Further to my blog-post “Vince Cable: Respectfully, You’re Wrong.” wherein I made my case for science and had a bit of a rant I’ve written to Caroline Nokes; my local MP, through the website http://www.writetothem.com which makes the whole process much faster, simpler and easier than I thought possible. Anywho I realise that some of you who read this will disagree, but as a science student looking to go into a research career, I see it as my duty to fight as though my back is against the wall for my future career.
I am posting my letter below, and will post a response – should I receive one – in the interest of open and responsible Government.
Dear Caroline Nokes,
Thank you for taking the time to read this letter, I realise you are a
very busy person and have far more pressing matters to attend to than
reading constituent letters.
I am writing to request that you add your name to the Early Day Motion,
EDM 767 SCIENCE IS VITAL CAMPAIGN which has been tabled by your
colleague Julian Huppert. See:
As a student at the University of Southampton wishing to undertake a
PhD upon my graduation next year I have a vested interest in the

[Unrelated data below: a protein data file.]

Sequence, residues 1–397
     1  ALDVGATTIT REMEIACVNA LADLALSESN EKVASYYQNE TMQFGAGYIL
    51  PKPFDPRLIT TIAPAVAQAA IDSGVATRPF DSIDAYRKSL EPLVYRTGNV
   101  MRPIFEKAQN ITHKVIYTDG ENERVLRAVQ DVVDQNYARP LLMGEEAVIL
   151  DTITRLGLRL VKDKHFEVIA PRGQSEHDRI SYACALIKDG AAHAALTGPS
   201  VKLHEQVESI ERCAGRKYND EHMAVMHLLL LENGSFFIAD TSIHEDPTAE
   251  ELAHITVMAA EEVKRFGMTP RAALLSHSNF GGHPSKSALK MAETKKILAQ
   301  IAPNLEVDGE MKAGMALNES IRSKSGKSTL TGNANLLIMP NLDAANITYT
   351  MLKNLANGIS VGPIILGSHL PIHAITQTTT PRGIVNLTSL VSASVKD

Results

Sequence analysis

maintenance of or increase in science funding. I also feel strongly
that the apparent view of both the Treasury and the Department for
Business, Innovation and Skills (BIS) of science funding as an
“expense” rather than an “investment” is both shortsighted and will put
this country on the back foot when it comes to future – more prosperous
Like any informed citizen of these isles I am as shocked and
disappointed as everyone else in Britain at the enormous structural
deficit we find ourselves in as a nation but I implore you to review
the proposed cuts to the Science investment budget.
The UK has one of the smallest percentage investment budgets of all of
the G10 countries and yet we account for;
“eight per cent of scientific journal articles, and 14 per cent of
high-impact citations (a measure of how influential the research
is)…the UK spends 0.55 per cent of GDP on research and development,
compared to Germany’s 0.71 per cent, France’s 0.81 per cent and the
USA’s 0.77 per cent.”
Daily Telegraph, 21 Sep, 2010.